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As far as feedback on the Posture Perfect!TM class goes, it has not only met my expectations, but exceeded them! There are several reasons I enjoy the class...
The Sequoia Advisor
IN THIS ISSUE December 1, 2007
Welcome to Suzanne Riley and Active Adults
Natural Light Chases The Blues Away
The Daylight Hours Are Getting Shorter
It's that time of year again when the days are getting shorter and the amount of sunlight you receive is less and less. Getting enough natural light is important to your health. Changes in your hormone balance occur as the days get shorter and exposure to natural light is reduced. The disrupted hormone balance can lead to a lethargic and depressive mood. The symptoms associated with a lack of natural light are more noticeable in the winter when so much time is spent indoors. The type of weather your area experiences, cloudy days vs. sunny days, also has an impact on your total natural light exposure.
How Does Natural Light Benefit Your Health
Natural or full-spectrum light, as it is called, is essential for good health because of its positive affects on hormone balance. Your brain requires a certain amount of natural light each and every day. The natural light that hits your retina (light gathering area inside the eye) is transmitted to an area of your brain called the pineal body. The pineal is the brain center for the production of the hormone melatonin. Melatonin regulates daily body rhythms, most notably the day/night cycle (circadian rhythms). Normal melatonin levels are important for natural sleep cycles and proper immune system function.
Seasonal Affective Disorder SAD
Just about this time of year, certain people who are extremely light sensitive start experiencing something called the "winter blues" or Seasonal Affective Disorder (SAD). SAD is the most extreme version on the body and mind of a lack of natural light. People affected by SAD exhibit extreme depressive behavior and complain of a lack of energy, increased need for sleep, a craving for sweets and increased weight gain all as a result of decreased light exposure.
How to Get Healthy Levels of Natural Light
During the summer, getting enough natural light is as easy as taking a walk for 10 to 15 minutes without glasses, sunglasses or contacts. Without these devices on the eyes, natural, full spectrum light easily passes into the eye, striking the retina and positively affecting your brain. In the winter, taking a 10 to 15 minute walk midday provides at least some natural light exposure. To augment your outdoor natural light time, you'll need to consider purchasing an indoor source of full spectrum lighting. The kitchen is a particularly good place for full spectrum lighting because of the amount of time most people spend cooking and eating.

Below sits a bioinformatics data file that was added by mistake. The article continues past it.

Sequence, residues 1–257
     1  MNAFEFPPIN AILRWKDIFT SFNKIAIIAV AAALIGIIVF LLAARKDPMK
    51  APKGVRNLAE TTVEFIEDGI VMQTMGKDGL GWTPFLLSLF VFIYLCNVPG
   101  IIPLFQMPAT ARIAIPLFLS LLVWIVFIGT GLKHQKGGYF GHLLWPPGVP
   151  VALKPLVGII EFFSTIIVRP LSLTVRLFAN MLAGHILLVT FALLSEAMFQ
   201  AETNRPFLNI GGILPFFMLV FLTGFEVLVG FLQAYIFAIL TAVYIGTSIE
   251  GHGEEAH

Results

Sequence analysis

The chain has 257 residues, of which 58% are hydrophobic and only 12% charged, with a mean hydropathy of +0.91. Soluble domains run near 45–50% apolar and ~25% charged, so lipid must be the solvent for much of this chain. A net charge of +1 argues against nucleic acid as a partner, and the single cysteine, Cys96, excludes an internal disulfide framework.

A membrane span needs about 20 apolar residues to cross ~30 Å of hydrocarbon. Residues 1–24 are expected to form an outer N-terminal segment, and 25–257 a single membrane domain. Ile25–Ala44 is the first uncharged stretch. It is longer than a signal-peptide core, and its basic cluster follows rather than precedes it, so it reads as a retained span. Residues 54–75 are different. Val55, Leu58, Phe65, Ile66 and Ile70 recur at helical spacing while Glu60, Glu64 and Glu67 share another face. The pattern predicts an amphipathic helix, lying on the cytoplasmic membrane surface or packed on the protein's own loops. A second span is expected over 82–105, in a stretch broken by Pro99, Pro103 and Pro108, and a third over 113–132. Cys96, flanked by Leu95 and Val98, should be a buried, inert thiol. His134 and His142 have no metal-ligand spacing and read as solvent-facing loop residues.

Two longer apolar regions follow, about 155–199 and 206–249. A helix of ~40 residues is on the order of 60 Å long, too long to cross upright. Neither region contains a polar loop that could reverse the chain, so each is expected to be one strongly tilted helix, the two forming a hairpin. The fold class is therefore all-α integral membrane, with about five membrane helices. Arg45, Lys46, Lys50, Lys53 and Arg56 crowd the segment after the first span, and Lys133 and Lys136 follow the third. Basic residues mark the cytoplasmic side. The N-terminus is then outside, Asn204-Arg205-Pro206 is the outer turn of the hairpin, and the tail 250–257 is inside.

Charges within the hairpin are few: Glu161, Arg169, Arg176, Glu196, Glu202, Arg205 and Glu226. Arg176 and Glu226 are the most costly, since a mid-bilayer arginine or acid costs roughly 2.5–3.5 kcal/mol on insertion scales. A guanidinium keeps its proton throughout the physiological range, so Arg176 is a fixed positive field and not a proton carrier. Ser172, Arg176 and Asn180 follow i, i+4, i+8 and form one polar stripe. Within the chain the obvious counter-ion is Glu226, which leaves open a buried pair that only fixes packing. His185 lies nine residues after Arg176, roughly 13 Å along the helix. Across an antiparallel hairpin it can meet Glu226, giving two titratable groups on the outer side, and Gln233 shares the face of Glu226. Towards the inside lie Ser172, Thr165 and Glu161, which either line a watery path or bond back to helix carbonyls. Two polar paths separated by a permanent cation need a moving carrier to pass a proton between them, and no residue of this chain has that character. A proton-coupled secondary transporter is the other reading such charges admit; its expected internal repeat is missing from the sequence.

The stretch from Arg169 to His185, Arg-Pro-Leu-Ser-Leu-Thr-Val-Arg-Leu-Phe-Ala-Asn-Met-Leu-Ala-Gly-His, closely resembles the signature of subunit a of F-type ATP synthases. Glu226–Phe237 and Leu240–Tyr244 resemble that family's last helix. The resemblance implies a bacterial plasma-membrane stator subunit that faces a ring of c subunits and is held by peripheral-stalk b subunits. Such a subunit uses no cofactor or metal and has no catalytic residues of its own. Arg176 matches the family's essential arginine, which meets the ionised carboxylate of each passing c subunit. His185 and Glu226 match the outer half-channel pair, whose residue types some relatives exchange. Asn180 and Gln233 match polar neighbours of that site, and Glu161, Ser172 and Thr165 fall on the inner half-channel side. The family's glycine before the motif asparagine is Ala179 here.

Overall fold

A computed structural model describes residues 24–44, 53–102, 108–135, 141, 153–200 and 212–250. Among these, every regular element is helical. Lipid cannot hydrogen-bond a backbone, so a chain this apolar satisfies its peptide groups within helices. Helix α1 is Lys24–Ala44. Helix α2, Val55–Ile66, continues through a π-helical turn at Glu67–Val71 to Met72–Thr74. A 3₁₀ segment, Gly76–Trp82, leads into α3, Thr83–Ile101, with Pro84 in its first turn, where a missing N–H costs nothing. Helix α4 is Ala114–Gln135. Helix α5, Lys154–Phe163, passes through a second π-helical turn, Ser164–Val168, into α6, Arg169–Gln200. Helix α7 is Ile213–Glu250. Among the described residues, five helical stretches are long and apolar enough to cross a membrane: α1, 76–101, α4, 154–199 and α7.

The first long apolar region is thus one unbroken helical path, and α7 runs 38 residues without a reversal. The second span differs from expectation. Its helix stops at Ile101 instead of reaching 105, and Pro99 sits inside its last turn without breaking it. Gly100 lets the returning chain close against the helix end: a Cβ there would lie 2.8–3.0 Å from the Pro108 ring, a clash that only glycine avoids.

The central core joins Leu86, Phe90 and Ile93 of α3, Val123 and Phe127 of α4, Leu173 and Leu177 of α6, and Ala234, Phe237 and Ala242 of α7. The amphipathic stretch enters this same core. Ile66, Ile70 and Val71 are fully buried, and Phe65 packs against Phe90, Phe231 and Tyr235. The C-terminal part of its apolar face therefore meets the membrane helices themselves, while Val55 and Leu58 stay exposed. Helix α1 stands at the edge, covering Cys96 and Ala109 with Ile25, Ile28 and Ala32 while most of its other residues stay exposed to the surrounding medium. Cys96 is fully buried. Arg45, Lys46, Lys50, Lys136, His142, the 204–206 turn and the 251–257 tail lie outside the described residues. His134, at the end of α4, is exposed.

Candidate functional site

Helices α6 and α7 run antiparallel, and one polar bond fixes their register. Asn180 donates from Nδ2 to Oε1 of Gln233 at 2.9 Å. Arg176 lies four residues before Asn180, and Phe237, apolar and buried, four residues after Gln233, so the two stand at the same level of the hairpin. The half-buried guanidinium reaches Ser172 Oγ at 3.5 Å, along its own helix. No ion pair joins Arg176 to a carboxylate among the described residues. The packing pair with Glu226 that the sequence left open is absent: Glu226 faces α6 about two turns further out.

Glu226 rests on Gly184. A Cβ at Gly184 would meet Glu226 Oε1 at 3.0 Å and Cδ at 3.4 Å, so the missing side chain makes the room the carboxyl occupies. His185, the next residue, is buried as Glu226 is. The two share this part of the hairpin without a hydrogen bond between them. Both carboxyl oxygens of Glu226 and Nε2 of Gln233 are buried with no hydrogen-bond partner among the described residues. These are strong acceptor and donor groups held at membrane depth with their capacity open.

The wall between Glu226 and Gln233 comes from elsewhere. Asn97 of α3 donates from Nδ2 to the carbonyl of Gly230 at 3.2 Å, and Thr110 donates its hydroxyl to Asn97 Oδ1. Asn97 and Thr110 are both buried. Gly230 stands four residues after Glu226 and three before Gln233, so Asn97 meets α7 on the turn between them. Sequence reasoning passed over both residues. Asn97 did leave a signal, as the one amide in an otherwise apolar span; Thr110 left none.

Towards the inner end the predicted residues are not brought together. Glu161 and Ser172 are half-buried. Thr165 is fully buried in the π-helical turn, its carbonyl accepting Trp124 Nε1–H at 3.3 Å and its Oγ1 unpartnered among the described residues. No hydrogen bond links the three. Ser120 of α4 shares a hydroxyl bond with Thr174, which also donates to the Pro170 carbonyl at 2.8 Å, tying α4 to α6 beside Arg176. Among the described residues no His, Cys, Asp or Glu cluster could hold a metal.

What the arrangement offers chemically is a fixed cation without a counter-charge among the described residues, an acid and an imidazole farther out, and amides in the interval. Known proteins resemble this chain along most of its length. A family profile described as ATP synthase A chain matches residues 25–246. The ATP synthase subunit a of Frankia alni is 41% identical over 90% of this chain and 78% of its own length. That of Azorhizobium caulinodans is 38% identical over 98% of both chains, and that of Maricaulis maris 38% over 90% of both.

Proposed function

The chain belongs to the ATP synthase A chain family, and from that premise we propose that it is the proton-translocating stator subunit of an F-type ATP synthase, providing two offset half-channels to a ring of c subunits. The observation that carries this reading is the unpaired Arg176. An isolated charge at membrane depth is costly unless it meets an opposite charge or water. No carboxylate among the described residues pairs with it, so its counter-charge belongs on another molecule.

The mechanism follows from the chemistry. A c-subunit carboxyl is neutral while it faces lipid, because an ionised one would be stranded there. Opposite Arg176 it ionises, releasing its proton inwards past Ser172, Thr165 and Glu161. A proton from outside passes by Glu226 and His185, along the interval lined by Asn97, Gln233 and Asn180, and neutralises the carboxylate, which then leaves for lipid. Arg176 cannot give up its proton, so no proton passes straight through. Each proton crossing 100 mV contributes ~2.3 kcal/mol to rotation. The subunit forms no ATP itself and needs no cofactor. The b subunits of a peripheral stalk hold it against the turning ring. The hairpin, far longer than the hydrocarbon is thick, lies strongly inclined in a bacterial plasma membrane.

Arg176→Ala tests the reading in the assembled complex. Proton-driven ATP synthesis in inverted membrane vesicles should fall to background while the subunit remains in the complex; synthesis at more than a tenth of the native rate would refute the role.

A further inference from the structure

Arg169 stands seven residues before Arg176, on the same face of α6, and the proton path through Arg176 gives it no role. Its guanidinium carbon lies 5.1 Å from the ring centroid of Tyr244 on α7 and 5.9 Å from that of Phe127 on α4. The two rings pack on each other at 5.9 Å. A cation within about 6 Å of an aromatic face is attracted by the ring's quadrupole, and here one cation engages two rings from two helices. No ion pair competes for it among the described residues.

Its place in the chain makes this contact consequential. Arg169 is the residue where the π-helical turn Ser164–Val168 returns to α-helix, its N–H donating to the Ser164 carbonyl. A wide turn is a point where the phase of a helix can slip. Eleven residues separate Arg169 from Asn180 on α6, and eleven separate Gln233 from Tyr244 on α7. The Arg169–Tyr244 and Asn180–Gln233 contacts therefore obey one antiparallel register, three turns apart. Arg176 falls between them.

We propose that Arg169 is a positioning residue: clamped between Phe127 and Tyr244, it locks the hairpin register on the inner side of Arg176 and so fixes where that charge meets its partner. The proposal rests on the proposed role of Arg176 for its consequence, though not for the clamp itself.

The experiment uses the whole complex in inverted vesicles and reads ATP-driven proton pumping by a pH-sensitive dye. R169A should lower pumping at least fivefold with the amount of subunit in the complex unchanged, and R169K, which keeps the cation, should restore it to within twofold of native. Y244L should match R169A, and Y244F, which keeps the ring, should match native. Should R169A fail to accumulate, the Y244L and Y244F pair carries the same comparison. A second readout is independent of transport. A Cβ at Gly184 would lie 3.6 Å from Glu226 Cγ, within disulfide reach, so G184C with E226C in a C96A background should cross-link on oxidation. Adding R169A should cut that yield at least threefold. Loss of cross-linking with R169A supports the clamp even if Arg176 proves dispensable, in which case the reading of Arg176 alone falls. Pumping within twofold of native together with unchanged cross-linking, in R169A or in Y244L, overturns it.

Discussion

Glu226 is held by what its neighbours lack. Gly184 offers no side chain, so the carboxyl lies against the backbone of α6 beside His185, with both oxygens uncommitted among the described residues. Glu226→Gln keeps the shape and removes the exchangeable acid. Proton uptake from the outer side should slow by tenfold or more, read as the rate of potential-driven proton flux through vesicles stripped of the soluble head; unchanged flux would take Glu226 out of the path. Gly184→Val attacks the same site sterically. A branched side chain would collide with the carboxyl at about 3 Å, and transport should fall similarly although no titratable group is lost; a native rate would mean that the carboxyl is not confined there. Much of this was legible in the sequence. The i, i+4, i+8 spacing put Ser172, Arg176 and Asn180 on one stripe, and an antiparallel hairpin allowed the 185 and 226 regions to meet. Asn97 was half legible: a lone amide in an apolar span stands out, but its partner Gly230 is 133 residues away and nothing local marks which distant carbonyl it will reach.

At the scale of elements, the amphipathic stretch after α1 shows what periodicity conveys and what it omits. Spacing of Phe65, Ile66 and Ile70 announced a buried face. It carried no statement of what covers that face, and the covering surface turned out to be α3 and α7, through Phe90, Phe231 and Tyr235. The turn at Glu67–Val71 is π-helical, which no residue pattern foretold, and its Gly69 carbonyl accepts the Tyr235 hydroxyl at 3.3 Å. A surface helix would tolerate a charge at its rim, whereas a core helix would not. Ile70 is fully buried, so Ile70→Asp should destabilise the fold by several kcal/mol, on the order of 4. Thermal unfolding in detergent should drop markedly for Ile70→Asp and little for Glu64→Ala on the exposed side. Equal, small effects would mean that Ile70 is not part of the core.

The Benefits of Full Spectrum Indoor Lighting
Tailored Lighting has a patented full spectrum light source called SoLux. Their light sources replicate the daylight spectrum to near perfection. SoLux light sources have been verified by leading medical equipment and light therapy companies in Europe. These companies have incorporated the SoLux light source into their products with great success. No other light source is known to replicate daylight more accurately and precisely than SoLux. The outstanding success stories from these European companies are a testament to Tailored Lighting's commitment to producing the best daylight simulation products for SAD and other light deprivation ailments. To learn more about indoors natural lighting options, go to SoLux Lighting and Your Health.
In 2008, commit to Getting Active, Eating Healthier and Reducing Stress while living a healthier lifestyle. Fresh Start provides the education, motivation and accountability necessary to improve your health while helping you feel and look your best. For a free
Fresh Start consultation, please call Woody McMahon at 703-464-5171 or email to Woody@SequoiaHealth.com.
Six Pack Abs... Who Really Needs Them?
Those Ads are Ridiculous
Watching the television ads as they talk about the latest and greatest fitness gismo that will "shed inches off your waistline" or give you "six pack abs" has become quite a comedy show. Next in line are the weight loss programs showing you ridiculous before and after pictures with "results not typical" posted below. They are a hoot as well. The big question is "who really wants or needs six pack abs anyway?" Where did this obsession with our stomach muscles come from? If you have six pack abs, do you attract more girls? And for you ladies out there, do you think the "skinny mini" look of the super models is attractive? Think again.
The Good Old Stomach Muscle
Anatomically speaking, the stomach muscle is no more important than any other muscle in your body. In the northern latitudes, you can't even see it half the time because it's covered-up with a shirt or other article of clothing. The "ripped" stomach muscle look, AKA Six Pack Abs, is a legacy handed down by the bodybuilding community. If you are a bodybuilder; developing muscular size and definition is important for competition. To win, you want the biggest, most defined and balanced muscular body possible. As a bodybuilder, you don't care about winning more tennis matches, enjoying better stamina when skiing, hitting a golf ball farther or having a stronger heart and lungs. The judges won't ask you to do real work. They just ask you to stand there and flex your muscles. Big deal!
Succumbing to Marketing Fluff